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In Lincoln City it was a quiet eclipse weekend – until it was over

UPDATED: Mon., Aug. 21, 2017, 11:27 p.m.

People gather on Monday, Aug. 21, 2017, at the Tom McCall Waterfront Park in Portland to catch a glimpse of the 2017 total solar eclipse. (Sarah Silbiger / Associated Press)
People gather on Monday, Aug. 21, 2017, at the Tom McCall Waterfront Park in Portland to catch a glimpse of the 2017 total solar eclipse. (Sarah Silbiger / Associated Press)

LINCOLN CITY, Oregon – Through the weekend, bartenders, ice cream vendors and restaurant owners waited for the crowds of eclipse watchers who were supposed to descend on the beach community here. But it was almost as if no one came.

Locals called it a “ghost town” and traffic on U.S. Highway 101 flowed smoothly.

There still were vacant hotel rooms Sunday evening.

Monday morning about an hour before the eclipse began people wrapped in blankets began walking down to the beach. Some lit small bonfires, others trotted in spot trying to keep warm in the cold haze.

Ruby Beebe, 8, road down from Seattle starting at 1 a.m. She was still in her pajamas, eating a breakfast sandwich with her dad Nick Beebe at 8 a.m.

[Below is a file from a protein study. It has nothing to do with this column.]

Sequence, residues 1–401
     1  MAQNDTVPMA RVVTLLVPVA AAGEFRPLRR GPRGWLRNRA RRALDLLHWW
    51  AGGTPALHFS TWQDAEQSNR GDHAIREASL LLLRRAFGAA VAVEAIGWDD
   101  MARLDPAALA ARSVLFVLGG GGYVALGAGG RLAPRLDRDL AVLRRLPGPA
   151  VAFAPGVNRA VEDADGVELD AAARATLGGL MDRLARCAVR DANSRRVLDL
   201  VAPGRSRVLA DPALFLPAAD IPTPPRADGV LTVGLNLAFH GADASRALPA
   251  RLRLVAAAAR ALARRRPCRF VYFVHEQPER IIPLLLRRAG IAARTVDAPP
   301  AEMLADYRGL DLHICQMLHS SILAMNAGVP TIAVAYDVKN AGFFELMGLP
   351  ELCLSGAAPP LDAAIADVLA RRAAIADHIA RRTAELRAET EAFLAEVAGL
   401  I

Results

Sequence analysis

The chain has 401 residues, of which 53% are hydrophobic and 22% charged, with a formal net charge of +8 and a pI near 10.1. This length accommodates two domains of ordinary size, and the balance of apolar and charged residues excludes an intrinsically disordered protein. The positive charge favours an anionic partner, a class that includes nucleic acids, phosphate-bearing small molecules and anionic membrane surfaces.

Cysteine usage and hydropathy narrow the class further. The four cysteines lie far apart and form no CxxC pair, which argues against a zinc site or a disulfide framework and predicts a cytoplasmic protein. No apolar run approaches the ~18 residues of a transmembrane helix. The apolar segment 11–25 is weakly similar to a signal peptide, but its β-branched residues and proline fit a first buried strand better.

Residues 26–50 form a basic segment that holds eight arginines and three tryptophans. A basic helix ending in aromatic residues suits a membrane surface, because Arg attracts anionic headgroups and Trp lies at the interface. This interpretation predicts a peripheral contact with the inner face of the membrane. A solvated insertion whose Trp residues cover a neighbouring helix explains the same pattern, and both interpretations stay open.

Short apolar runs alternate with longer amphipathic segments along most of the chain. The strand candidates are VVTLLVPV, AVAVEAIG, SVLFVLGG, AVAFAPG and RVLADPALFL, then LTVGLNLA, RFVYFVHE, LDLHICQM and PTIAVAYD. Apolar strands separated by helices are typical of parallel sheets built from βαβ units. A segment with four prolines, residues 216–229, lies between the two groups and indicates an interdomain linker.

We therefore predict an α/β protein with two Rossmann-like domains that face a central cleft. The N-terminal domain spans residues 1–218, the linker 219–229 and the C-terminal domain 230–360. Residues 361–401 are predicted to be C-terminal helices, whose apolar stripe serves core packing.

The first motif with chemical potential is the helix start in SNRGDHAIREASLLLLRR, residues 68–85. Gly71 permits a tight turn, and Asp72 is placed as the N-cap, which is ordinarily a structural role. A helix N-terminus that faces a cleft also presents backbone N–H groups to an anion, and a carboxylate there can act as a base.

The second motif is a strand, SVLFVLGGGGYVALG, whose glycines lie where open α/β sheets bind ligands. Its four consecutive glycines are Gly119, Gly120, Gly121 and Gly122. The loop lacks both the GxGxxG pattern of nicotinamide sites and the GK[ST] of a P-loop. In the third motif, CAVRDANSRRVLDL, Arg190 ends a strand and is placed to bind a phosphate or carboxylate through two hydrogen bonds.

“We couldn’t believe there was no traffic on I-5, nothing,” Nick Beebe said.

Ruby Beebe said she fell asleep in the car and was now just excited to see the eclipse.

“The moon goes in front of the sun,” she said as a way of explaining what was going to happen. “It’s gonna be great.”

Many locals stayed off the beach in the morning, knowing that fog would make eclipse viewing nearly impossible. But Sisters Rebecca Simpson and Karen Whalen, who came all the way from Kentucky, remained optimistic.

“We live just an hour from Hopkinsville, Kentucky, which is supposed to be one of the best places for viewing,” said Rebecca Simpson. “We already had this trip planned, and we just decided we’d be in a place of totality in Oregon when the eclipse hit.”

Lincoln City locals migrated to higher ground as soon as it became obvious the beach fog wouldn’t lift. The hillsides around Devil’s Lake – barely a mile inland – were sunny and provided plenty of great view points.

People cheered as the eclipse became total, the lights from cellphones dotting the suddenly darkened lawn.

Then, just like that, the earth turned and the sunlight came back and the street lights turned off again and it was all over.

And that traffic no one had seen all weekend?

Streets became jammed as eclipse viewers fled the town.


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